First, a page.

Jewish DPs were concentrated in Bergen-Belsen — from which my parents were liberated — Feldafing and Landsberg. Enclosed within mesh-wire fences, these camps were like East European shtetls, with their own administrations, political parties, health care systems, newspapers and education and cultural facilities.
“The camps were a way station, a transition point for the survivors who dreamed of the day they could leave Germany and Europe for a new life in a new world, hopefully in the Jewish homeland in Palestine,” says Nasaw.
There was a heartbreaking absence of Jewish children, one million of whom had been murdered during the Holocaust. Almost without exception, the survivors were between the ages of 16 to 45. The Jewish birthrate increased dramatically from 1946 onward. “The rash of marriages, pregnancies and babies collectively represented a conscious affirmation of Jewish life, as well as definitive material evidence of survival,” Nawsaw notes.
Jewish DPs lived in squalor until conditions gradually improved. When the American general, George Patton, passed through one of these camps, he vented his antisemitic animus. In a reference to Earl Harrison, he wrote, “Harrison and his ilk believe that the Displaced Person is a human being, which he is not, and this applies particularly to the Jews who are lower than animals.”
Patton’s superior, General Dwight Eisenhower, a future U.S. president, was empathetic and compassionate. “The Jews were in the most deplorable state,” he wrote in his wartime memoir, Crusade in Europe. “For years they had been beaten, starved and tortured.”
Truman was sympathetic, too. He asked the British government to issue 100,000 certificates to Jewish DPs intent on settling in Palestine. Britain, fearing an Arab backlash, rejected his proposal. So in 1948, the United States began admitting DPs, but the congressional bill which facilitated their entry was prejudicial against Jews. In 1949, more balanced legislation was passed, enabling 57,000 Jewish DPs out of 328,000 to enter the United States.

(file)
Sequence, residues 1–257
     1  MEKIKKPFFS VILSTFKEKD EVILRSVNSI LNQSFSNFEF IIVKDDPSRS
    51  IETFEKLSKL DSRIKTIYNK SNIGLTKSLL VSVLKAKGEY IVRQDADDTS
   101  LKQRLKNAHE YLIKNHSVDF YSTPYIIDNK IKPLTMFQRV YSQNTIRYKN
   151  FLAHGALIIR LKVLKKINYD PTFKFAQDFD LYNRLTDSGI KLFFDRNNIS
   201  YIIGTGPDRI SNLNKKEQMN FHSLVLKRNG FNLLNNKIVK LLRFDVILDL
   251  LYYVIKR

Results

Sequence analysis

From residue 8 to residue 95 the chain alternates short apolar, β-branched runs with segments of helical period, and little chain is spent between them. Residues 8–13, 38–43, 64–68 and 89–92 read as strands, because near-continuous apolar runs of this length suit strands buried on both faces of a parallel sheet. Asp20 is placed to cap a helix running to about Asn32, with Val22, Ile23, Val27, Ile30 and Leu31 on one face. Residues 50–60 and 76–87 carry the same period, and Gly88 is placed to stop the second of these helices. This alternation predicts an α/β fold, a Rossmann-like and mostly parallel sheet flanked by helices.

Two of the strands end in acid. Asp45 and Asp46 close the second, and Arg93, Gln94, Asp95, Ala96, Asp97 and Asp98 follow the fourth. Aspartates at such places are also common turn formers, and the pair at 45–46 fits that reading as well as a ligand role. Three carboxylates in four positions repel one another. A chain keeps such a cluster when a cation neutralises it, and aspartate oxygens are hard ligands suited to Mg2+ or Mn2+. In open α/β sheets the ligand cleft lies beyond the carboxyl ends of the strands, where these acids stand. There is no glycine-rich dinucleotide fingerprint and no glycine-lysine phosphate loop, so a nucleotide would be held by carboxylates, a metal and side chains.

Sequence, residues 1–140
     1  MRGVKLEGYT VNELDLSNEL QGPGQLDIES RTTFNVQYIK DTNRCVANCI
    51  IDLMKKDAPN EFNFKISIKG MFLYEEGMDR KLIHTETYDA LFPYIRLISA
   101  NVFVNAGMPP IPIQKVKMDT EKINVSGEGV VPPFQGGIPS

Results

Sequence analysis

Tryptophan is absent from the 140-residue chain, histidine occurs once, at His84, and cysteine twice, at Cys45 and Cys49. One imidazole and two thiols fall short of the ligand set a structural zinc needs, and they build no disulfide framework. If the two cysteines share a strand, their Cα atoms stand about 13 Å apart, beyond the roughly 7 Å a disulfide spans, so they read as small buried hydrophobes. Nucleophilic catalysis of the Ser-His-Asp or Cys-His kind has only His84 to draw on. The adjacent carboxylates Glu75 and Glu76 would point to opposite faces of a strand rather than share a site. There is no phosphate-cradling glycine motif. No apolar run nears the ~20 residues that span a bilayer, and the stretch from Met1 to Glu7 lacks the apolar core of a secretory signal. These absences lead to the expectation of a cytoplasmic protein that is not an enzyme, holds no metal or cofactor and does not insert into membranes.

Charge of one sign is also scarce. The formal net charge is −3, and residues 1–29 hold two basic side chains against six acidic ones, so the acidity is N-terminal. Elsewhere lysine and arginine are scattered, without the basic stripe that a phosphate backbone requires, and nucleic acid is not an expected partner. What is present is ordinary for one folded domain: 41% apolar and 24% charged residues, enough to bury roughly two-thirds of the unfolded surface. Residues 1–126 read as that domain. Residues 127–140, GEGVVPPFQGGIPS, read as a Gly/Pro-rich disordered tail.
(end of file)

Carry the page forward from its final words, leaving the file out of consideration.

The Truman administration, gearing up for the Cold War with the Soviet Union, knowingly permitted Nazi collaborators and fascists, all of whom were fanatical anti-communists, into the United States. One of them, Viorel Trifa, was a cleric who had been a leader of Romania’s Iron Guard militia, which committed war crimes during the Holocaust. Trifa became a governor of the board of the National Council of Churches. And in 1955, Richard Nixon, the vice-president, invited him to address a session of the U.S. Senate.
From the outset, the Jewish leadership in Palestine sought to attract DPs. In 1946, David Ben-Gurion, the chairman of the Jewish Agency, visited several camps to drum up enthusiasm for the Zionist cause. His appeal worked. DPs would add 16.5 percent to Israel’s population.
After the outbreak of the first Arab-Israeli war in 1948, thousands of young Jewish men in the camps departed for Israel. “The war depends on immigration because the manpower in Israel will not suffice,” said Ben-Gurion.
According to Nasaw, 22,000 Jewish DPs fought in the War of Independence, comprising one-third of Israel’s combat soldiers and one-third of its casualties.
DPs also flocked to Latin America. Out of 30,000 DPs who settled in Brazil, 2,000 were Jews. Australia admitted 182,000 DPs, of whom 8,000 were Jews. Seven thousand Jewish DPs arrived in Canada in 1948. Three of the newcomers were my parents and me. We landed in Montreal, via Hamburg and Halifax, in February 1948.
In line with Allied police, the camps were incrementally closed. Bergen-Belsen and Landsberg were shuttered in 1950, while Feldafing ceased to exist in 1951, bringing to an end a unique footnote in European history, an era that Nasaw documents with care, precision and skill.